It has been interesting reviewing my DNA results

Posted By on February 12, 2019


Having worked on my family tree with back in 2010 and then ignored returning 9 years later, it has been interesting to look into it again now that DNA testing has grown in popularity. My results came back a few days ago GermanWales87percentand they were “as expected” (although the map a bit deceiving). From our family history, and the previous researched immigration documentation (ship logs), I was pretty sure most of my DNA would show Welsh and Germanic ancestry; it did and totaled 87%.

The centimorgans numbers worked out well too (unlike a recent WSJ horror story) and matched my DNA closest to my daughter Katelyn (Taylor’s results aren’t back yet) and my brother Ron. I knew both recently did their DNA tests, but seeing so many other matches from my uncle Sonny (my dad’s brother) and several cousins was interesting too. The other 2nd, 3rd and 4th DNA matches were much lower in the centimorgans amount but was still interesting to see a few names I knew, and many that I did not.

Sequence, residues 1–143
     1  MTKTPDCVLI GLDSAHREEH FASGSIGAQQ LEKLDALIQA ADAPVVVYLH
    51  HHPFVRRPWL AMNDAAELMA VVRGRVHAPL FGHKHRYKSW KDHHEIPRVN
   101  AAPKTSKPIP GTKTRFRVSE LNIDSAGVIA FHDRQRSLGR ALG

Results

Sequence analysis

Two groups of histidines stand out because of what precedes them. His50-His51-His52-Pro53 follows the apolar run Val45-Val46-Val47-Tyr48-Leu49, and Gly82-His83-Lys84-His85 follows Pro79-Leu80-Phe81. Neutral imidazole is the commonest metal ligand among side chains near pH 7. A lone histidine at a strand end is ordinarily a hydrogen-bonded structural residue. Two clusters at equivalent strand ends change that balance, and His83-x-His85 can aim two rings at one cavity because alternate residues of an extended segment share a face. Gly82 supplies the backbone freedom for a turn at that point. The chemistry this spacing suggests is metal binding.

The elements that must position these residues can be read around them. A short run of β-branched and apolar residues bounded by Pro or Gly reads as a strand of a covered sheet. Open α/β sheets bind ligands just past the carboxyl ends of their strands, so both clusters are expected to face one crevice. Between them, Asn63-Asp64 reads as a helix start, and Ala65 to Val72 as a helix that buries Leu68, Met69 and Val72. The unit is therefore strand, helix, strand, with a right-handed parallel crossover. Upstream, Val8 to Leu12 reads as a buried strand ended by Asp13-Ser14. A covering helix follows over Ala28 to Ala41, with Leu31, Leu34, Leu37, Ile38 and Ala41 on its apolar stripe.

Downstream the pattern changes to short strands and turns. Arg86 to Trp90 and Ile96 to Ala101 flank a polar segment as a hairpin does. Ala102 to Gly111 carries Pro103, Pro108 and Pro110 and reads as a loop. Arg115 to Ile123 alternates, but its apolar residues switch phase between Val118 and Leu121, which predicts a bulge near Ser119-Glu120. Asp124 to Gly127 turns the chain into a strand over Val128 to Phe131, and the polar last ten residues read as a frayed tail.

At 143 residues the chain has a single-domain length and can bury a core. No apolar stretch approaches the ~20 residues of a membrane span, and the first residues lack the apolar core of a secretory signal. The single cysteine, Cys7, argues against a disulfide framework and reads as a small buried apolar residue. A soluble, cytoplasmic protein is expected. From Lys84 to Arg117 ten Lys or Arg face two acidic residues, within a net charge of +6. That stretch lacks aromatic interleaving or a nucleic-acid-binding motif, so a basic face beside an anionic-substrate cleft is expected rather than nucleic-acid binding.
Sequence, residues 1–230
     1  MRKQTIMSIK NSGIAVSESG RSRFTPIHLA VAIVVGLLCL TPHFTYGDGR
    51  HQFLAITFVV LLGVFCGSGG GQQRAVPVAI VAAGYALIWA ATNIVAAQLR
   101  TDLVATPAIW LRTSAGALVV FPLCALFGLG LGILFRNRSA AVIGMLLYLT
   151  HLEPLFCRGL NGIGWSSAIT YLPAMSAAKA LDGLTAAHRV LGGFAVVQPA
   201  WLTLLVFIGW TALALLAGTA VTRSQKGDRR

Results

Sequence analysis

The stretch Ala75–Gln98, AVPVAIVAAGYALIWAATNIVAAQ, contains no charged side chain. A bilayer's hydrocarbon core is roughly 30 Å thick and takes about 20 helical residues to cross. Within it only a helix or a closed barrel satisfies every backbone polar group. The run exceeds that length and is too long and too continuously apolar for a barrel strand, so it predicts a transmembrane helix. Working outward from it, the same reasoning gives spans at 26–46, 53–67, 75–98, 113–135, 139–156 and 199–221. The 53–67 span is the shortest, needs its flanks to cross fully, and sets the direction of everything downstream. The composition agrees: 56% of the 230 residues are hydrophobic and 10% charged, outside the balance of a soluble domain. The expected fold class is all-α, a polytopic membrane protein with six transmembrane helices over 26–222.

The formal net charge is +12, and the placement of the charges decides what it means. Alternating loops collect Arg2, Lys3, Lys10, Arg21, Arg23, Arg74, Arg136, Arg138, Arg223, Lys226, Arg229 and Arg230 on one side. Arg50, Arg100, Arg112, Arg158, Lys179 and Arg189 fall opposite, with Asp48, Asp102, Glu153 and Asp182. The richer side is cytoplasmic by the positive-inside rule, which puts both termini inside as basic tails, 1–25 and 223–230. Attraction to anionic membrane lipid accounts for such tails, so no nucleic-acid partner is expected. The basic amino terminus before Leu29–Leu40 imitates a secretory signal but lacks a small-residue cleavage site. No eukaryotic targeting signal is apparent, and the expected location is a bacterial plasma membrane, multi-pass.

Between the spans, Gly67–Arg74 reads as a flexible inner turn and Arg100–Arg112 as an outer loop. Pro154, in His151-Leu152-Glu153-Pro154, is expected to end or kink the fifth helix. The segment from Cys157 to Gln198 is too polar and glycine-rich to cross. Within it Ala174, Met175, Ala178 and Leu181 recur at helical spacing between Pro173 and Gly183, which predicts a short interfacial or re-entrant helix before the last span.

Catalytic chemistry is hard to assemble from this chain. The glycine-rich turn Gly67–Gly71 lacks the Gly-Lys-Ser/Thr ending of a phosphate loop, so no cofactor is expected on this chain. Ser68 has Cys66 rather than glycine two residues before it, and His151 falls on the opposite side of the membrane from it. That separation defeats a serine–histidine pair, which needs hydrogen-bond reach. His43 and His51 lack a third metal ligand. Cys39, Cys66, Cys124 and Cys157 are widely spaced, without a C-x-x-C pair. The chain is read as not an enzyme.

Predicted Relationship Chart from

DNAMatchingChartThe amount of centimorgans you share with this match can help you understand the relationship, but may range from 2 to 4 degrees of separation. For example, 3rd cousins usually share about 120 centimorgans, but could share as few as 90 or as many as 200.

One of the more interesting areas to read is the “DNA Story” pull down (see tips) which offers a generic read regarding when and why most in my family emigrated. The timeline was able to track the earliest currently in my family tree and where they were from. My earliest “listed” was a 3rd Great-Grandfather in 1815 from Württemberg, Germany. Clicking the “LifeStory” from each of the oldest relatives, like 3rd/2nd grandparents, was really interesting too as the timeline items such as birth of siblings and children … and map that pinned their city of death really highlights where my family settled as well (2nd Great-Grandmother below). The mental following involved and give one a headache, so my recommendation is to space it out and not try to figure it all out in one sitting – yes I have a headache now. 🙂



Desultory - des-uhl-tawr-ee, -tohr-ee

  1. lacking in consistency, constancy, or visible order, disconnected; fitful: desultory conversation.
  2. digressing from or unconnected with the main subject; random: a desultory remark.
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